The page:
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Thursday, May 13, 2010

NRA Vets Elena Kagan, Has Huge Influence In Politics

Scoring Elena: NRA Sizes Up Candidate’s Record On Guns

Roughly 70,000 gun owners are currently gathering at the National Rifle Association meeting in Charlotte, N.C., a city that’s already got a place in gun-rights history.

Charlotte’s where, ten years ago, then-NRA President Charlton Heston raised a replica of a Revolutionary War musket over his head, thundering, “From my cold, dead hands!”

One thing gun owners won’t hear this weekend is whether the NRA is for or against adding Elena Kagan to the Supreme Court.

An NRA spokesman tells us it hasn’t completed its vetting of Kagan yet.

Kagan lacks a written judicial record on the right to bear arms. But the NRA likely is unhappy with her role in the Clinton administration’s gun-control efforts. This record at the William J. Clinton Presidential Library in Little Rock, Ark., shows that Kagan helped draft a presidential directive Clinton signed that suspended imports of semiautomatic assault weapons for 120 days.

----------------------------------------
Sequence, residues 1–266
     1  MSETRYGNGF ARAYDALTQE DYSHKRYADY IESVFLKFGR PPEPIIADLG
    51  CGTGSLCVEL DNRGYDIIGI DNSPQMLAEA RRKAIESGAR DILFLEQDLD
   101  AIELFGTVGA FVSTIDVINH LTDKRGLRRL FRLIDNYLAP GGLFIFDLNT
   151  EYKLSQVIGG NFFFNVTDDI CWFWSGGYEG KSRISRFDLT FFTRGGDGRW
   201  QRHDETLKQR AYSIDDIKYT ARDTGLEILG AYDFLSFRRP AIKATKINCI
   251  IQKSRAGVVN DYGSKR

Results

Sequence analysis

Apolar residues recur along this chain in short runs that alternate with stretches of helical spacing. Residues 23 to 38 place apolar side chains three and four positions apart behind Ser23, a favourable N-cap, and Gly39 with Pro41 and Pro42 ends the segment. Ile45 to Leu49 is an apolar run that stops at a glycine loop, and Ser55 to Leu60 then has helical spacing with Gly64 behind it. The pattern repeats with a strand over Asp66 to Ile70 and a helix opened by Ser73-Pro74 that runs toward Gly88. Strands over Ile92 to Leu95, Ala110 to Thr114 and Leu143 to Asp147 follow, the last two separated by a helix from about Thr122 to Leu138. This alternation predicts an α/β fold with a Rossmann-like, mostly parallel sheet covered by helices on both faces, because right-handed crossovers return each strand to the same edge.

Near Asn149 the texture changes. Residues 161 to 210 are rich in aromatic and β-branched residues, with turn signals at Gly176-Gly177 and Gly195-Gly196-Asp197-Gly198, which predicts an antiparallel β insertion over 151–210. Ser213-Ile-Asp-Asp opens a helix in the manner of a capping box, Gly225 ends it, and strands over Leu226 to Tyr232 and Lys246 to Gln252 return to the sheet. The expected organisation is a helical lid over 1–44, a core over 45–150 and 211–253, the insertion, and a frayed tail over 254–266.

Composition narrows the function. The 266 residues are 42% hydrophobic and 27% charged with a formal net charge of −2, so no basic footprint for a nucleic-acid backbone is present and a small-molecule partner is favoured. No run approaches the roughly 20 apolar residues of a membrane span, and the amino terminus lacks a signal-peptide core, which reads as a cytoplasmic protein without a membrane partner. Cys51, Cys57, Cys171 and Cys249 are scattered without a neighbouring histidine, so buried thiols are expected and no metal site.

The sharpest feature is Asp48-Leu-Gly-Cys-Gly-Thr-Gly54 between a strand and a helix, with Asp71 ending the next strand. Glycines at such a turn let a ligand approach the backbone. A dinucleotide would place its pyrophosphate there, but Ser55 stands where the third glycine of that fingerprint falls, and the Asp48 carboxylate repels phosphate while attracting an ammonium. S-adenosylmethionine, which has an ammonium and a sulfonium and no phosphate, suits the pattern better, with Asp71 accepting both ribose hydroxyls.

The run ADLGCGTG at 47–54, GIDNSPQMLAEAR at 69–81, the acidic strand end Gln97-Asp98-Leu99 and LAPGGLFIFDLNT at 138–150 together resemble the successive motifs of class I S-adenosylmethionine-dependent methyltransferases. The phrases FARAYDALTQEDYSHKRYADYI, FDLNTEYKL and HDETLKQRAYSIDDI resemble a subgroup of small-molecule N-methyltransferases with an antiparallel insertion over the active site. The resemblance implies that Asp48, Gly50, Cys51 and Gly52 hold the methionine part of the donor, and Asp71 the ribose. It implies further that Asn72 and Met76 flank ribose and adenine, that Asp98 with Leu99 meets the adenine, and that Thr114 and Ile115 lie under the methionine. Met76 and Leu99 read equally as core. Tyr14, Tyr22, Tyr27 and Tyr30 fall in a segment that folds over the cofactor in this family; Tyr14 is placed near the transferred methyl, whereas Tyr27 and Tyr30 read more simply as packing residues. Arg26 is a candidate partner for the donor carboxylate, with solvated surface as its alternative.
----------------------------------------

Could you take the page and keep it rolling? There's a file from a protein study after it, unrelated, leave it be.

Yet, some gun owners are encouraged that, in her written answers to questions by senators during her confirmation as Solicitor General, she didn’t criticize Heller v. D.C., the 2008 Supreme Court decision striking down DC’s gun laws.

To wit:

* When asked her personal opinion of the rights afforded by the Second Amendment, she said: “There is no question, after Heller, that the Second Amendment guarantees Americans ‘the individual right to possess and carry weapons in case of confrontation.’”

* When asked if she will “commit to protect an individual’s right to possess a firearm,” she said she would commit to “show Heller and the principles articulated in it the full measure of respect that is due to all constitutional decisions of the Court.

* When asked whether Heller was “rightly decided,” she said the case was “now settled law” and “entitled to my respect.”

* When asked whether she would “give weight to other nations’ restrictions on gun rights when interpreting the Second Amendment,” she said that the “grounded historical approach” adopted in Heller grants “no relevance to arguments from comparative law.”

Kagan would be replacing Justice Stevens, who dissented in the Heller opinion, as one pro-gun blogger noted yesterday. Thus “Kagan’s appointment may be one more vote on the Court in favor of the right to bear arms,” he concluded.

In July 2009, the NRA for the first time weighed in against a Supreme Court nominee, urging senators to vote “no” on Sonia Sotomayor. Its opposition was based on the answers she gave during hearings, as well as her rulings as an appellate judge, including one to uphold a New York law that barred a man from carrying a martial-arts weapon.

The NRA “scored” the vote on Sotomayor’s confirmation — meaning it told lawmakers that how they voted would count toward the NRA’s famous letter grades, ranging from A+ to F. But 8 of the 36 senators who won endorsement from the NRA defected by voting to confirm her anyway.

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